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I was driving a bunch this last week and was listening to world news podcasts on my iPod instead of hate radio. One story was about Dar Al-Iftaa and their fatwa issuing machine.
Fatwas are in reality just religious rulings. Questions like "how much inheritance should I leave my brother?" and so forth are answered, but they are not only given in person, they are given via satellite television just like the 700 Club, plus there is also phone, email and even fatwas delivered via text message.
The Muslim world is beginning to see fatwa issuance as getting out of control and they are moving to have an official governing body to oversee all of Islam's fatwa edicts. But not everyone is in love with Dar Al-Iftaa...
Sheikh Safwat Hegazi's recent fatwa that it is halal to kill Israeli civilians on Egyptian land is one such potentially disastrous ruling; and arguably neither Dar Al-Iftaa's ruling to the contrary nor Sheikh Safwat's own retraction will render it entirely harmless. While acknowledging Hegazi's line of thinking as a response to frustration with Israel's aggression and impunity, Nosseir argued that with the correct interpretation of Qur'an , the fatwa is invalid, citing Verse 6 from Surat Al-Momtahena, to make her point: "Allah does not forbid you to deal justly and kindly with those who fought not against you on account of religion and did not drive you out of your homes. Verily Allah loves those who deal with equity."
To avoid such fatwas, Nosseir suggests drawing up a Dar Al-Iftaa committee of religious scholars from the various modern sciences as well as Sharia: "Different scientific spheres are now needed to substantiate a religious ruling." To meet on a monthly basis, such a committee would manage to cover a given topic from every conceivable angle, coming up with a solid statement: "So eventually we would be able to consolidate the value of the fatwa and make people more eager to follow it," she opined. "With all due respect to the early scholars of Islam, we need to look into our daily issues with a different eye, ijtihad [independent thought] in Islam is allowed till doom's day." Significantly, she appears to agree with El-Magdoub: "I think the people who should participate in such a committee should be volunteers, not commissioned and not paid, to ensure they are doing so out of their own free will. We strongly need such committee, but we lack the determination."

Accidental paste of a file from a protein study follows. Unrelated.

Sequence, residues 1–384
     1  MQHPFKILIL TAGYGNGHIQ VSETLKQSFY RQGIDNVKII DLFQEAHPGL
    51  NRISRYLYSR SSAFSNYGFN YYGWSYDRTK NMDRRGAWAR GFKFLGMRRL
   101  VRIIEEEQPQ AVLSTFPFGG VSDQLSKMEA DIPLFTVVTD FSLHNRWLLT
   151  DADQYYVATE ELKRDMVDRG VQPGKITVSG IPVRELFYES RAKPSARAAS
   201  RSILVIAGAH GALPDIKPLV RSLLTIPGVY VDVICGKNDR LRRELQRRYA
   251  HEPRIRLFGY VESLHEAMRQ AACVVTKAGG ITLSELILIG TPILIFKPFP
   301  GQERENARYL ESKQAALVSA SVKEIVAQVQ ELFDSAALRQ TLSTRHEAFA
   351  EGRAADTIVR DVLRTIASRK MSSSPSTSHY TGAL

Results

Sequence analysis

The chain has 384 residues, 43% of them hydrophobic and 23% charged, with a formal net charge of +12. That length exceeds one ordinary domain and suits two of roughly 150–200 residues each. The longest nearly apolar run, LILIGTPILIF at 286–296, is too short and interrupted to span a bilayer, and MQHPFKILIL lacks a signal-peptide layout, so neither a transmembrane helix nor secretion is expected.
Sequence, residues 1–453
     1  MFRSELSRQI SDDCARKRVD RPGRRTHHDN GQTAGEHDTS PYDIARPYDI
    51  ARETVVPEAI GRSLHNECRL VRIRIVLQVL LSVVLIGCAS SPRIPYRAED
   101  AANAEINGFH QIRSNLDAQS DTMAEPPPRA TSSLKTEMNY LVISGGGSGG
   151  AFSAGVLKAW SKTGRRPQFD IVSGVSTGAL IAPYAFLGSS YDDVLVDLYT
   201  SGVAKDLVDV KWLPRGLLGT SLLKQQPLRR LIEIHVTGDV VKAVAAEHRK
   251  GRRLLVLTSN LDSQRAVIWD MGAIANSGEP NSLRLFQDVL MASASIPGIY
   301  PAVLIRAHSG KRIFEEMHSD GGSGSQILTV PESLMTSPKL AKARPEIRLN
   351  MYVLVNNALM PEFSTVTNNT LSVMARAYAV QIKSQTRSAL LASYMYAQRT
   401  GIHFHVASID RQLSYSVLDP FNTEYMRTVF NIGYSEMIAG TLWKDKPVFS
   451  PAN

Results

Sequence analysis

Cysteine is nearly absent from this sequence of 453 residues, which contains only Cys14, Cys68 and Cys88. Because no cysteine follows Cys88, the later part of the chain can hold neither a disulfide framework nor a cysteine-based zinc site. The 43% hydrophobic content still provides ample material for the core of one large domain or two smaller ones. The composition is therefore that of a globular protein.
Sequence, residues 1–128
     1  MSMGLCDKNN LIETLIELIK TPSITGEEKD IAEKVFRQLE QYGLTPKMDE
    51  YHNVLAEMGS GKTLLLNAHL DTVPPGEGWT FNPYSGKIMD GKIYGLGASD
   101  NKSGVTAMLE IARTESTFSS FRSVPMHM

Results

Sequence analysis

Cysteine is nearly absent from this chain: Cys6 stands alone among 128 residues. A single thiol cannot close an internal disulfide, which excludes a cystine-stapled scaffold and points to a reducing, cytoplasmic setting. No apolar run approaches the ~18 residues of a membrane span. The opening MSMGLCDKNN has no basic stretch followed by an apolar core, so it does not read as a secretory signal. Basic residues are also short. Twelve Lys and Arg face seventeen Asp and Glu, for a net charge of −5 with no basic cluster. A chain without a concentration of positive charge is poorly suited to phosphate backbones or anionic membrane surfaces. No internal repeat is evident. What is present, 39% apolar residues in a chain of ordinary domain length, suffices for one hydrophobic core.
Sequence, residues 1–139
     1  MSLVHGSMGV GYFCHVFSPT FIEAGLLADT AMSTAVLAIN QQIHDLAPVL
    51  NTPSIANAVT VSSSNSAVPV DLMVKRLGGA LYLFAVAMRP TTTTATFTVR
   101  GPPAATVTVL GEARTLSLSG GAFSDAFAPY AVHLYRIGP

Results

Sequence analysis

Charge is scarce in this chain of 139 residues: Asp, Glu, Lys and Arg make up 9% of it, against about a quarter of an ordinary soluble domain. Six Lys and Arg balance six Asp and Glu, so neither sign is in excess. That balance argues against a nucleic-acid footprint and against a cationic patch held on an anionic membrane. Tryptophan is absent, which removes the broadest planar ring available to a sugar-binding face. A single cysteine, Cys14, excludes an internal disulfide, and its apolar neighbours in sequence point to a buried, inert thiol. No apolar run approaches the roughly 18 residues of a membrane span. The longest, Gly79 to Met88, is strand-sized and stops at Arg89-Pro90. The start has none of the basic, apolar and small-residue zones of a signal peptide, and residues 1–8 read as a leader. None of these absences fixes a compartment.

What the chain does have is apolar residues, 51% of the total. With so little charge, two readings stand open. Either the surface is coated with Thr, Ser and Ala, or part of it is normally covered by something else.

Evidently, there exists in Islamic culture a need for fatwas that center around mindless killing. How they overcome this is anyone's guess.
My money is on the use of a lot of bombs, guns and grenades.